I was chatting with a friend about eco-friendly gift wrapping and mentioned, “My family has been passing around the same gift bows since the 1990s!” I expected her to be impressed, or at least amused. Instead, she smirked. Her family has been reusing the same holiday wrapping paper for years.
After carefully unwrapping their gifts, my friend’s mom irons the wrapping paper and carefully rolls it up for future use. Friends, I was gobsmacked. Growing up, I thought repurposing whipping cream containers as Tupperware was hardcore, but reusing wrapping paper? That’s next level.
To be clear, I do not recommend ironing your wrapping paper (sounds like a fire hazard), but our moms had the right idea. The most eco-friendly gift wrapping is the kind you can use over and over.
Isn’t wrapping paper eco-friendly?
Yes and no.
If you’re careful, wrapping paper can be reused, but only plain wrapping paper can be recycled. If the wrapping paper has foil, glitter, or is laminated (you’ll know it’s laminated if it doesn’t tear easily), it has to go to the landfill. Glossy paper is okay as long as it’s unadorned.
Remember to remove:
Is tissue paper recyclable?
In general, tissue paper is not recyclable, because the paper fibers are very short. Even if tissue paper is labeled as recyclable, it’s important to confirm your local municipality will accept it.
Please Don’t Wishcycle
Aspirational recycling, aka wishcycling, continues to be a problem. Putting non-recyclable items in the recycle bin can gum up machinery or spoil entire batches of otherwise recyclable items. It may feel wrong to throw something away, but sometimes it’s the right thing to do.
Eco-Friendly Gift Wrapping
Below are a few environmentally friendly ways to wrap your gifts. Some of the links go to Amazon.com. If you purchase one of the featured products listed below, any Amazon Associates revenue earned from that item will be donated to the PADI AWARE Foundation®.
Reusable Gift Boxes
As more people seek alternatives to single-use wrapping paper, companies are making reusable gift boxes in all different shapes and sizes. Personally, I find boxes with a magnetic lid hold up better long-term, but here are a few different options:
- Patterned boxes with magnetic lid
- Solid colors with magnetic lid
- Nesting boxes (for easy storage)
- Holographic boxes for recipients who love pizzazz
No budget for boxes? Your kitchen has gift containers hiding in plain sight. Coffee, tea and biscuit tins work well — especially if the gift is fragile. They’re sturdy, reusable and easy to dress up with a bit of fabric and ribbon.
Jars (jam, pickles, spaghetti sauce, baby food) are also a good option. Here’s a helpful article about how to clean them out and remove the labels. You can wrap the jar in fabric (see below), glossy magazine pages or wrapping paper that can’t be recycled. Use stickers (I love these celestial marine life stickers) or a bow to cover up the labeling on the lid.
Fabric & Furoshiki
Furoshiki, Japanese gift wrapping fabric, is a reusable alternative to wrapping paper. As this video shows, you can use furoshiki for boxes, wine bottles — just about anything.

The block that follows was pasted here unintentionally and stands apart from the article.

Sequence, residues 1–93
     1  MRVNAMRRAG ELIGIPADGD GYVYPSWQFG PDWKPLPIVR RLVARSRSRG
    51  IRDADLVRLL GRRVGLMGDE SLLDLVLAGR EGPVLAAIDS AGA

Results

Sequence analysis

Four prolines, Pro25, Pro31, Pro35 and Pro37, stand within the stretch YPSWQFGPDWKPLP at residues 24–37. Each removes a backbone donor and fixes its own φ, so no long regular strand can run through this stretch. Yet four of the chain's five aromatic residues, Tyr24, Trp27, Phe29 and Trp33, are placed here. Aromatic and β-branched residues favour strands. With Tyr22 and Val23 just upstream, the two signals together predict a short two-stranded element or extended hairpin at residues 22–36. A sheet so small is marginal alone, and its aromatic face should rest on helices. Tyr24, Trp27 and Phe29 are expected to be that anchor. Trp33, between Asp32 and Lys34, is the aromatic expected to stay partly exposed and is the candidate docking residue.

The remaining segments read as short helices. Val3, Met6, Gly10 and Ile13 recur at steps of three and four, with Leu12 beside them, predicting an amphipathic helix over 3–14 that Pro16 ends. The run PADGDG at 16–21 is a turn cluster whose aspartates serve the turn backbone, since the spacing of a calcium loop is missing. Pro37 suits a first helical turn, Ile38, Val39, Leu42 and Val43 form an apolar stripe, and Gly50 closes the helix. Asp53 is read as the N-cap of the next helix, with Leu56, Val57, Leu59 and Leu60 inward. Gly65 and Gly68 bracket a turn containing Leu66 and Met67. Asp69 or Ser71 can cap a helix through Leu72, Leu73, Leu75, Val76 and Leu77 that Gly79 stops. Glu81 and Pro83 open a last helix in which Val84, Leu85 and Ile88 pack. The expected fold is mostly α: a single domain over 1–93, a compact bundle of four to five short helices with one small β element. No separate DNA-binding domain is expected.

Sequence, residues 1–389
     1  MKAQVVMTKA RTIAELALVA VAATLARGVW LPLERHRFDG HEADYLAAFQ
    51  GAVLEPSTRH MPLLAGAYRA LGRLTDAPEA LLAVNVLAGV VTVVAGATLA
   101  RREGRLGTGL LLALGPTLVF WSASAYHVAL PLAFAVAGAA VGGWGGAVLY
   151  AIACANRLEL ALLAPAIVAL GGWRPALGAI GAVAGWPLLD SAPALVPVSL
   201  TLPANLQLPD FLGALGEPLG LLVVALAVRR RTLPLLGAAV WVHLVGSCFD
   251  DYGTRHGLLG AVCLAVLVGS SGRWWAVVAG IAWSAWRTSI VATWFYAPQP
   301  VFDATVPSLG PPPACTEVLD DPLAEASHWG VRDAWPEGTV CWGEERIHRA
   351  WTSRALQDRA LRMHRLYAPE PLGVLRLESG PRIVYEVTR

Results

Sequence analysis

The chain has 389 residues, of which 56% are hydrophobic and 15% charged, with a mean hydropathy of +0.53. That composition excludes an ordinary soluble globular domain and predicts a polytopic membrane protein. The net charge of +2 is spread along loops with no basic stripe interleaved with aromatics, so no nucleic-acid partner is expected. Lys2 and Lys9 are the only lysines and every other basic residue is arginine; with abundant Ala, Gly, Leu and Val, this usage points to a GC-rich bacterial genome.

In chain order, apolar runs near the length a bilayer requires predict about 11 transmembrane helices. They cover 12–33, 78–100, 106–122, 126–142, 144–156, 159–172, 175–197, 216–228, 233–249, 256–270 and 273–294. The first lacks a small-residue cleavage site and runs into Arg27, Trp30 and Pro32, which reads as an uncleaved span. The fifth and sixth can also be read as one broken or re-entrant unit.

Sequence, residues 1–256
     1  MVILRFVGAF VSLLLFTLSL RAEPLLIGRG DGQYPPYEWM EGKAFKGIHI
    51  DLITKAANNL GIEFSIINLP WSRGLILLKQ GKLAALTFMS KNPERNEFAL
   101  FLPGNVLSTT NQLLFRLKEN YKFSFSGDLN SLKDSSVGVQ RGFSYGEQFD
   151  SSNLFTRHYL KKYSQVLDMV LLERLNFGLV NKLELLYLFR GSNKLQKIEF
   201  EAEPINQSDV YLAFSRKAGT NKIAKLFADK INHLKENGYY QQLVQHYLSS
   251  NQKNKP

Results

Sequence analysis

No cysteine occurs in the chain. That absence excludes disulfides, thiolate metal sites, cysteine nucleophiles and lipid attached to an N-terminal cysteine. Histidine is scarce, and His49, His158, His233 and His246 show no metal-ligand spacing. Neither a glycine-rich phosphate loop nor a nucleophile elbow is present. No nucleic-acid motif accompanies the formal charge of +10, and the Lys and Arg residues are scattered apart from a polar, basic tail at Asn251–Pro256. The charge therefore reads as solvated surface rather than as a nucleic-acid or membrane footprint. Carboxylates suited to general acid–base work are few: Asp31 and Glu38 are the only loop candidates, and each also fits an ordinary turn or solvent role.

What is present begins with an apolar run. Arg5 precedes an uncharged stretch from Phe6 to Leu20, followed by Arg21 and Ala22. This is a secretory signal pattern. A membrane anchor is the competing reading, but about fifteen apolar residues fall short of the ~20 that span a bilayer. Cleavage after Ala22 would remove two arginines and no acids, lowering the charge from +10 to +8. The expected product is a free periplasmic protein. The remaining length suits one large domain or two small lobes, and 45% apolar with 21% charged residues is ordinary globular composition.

Furoshiki comes in a variety of patterns from Japanese-inspired cherry blossoms to doggos. Personally, I like this whale design and the good luck cat maneki-neko. If you don’t want to go the furoshiki route, simply wrap the gift in fabric (tulle, bandanas, a scarf) and tie it with some ribbon.
Drawstring Gift Bags
Anyone can wrap a gift with a drawstring gift bag. They’re also easier to store than big rolls of wrapping paper.
- Choose a holiday season assortment
- Bags with Christmas designs
- All-purpose shiny bags
- Or more understated cloth bags
Tissue Paper Substitutes
If you’re using a reusable gift box or a drawstring gift bag, you may be wondering what to do about the non-recyclable tissue paper? Good news! You likely have some tissue paper substitutes in your home already. You can:
- Shred wrapping paper that can’t be recycled or reused.
- Or cut magazine pages, newspaper or kraft paper into strips.
- Wrap the item in fabric scraps, a handkerchief, tea towel or cut up old clothes or sheets.
Wrapping Paper Substitutes
Sometimes, you just need to wrap a gift. Maybe you have an oddly-shaped object that won’t fit in a box or basket. Or maybe you have to ship the item and want to avoid using a heavy jar or bulky box.
Here are some good wrapping paper alternatives:
- Old maps
- Colorful pages from a magazine
- Children’s artwork
- Brown paper tied with colorful ribbon or string
- Clean, inside out snack bags
If your recipient is the type of person who expects traditional gift wrap, consider this environmentally-friendly wrapping paper from Wrappily. It’s recyclable, compostable and supports a Maui-based business.
Also, as mentioned above, plain wrapping paper (no foil, glitter or lamination) is recyclable.
The Best Gifts Can’t Be Wrapped
Studies show, most people value experiences more than things which means the best gifts don’t need to be wrapped at all. Share the gift of adventure with a PADI eLearning® gift card or Discover Scuba Diving® voucher from a local dive shop.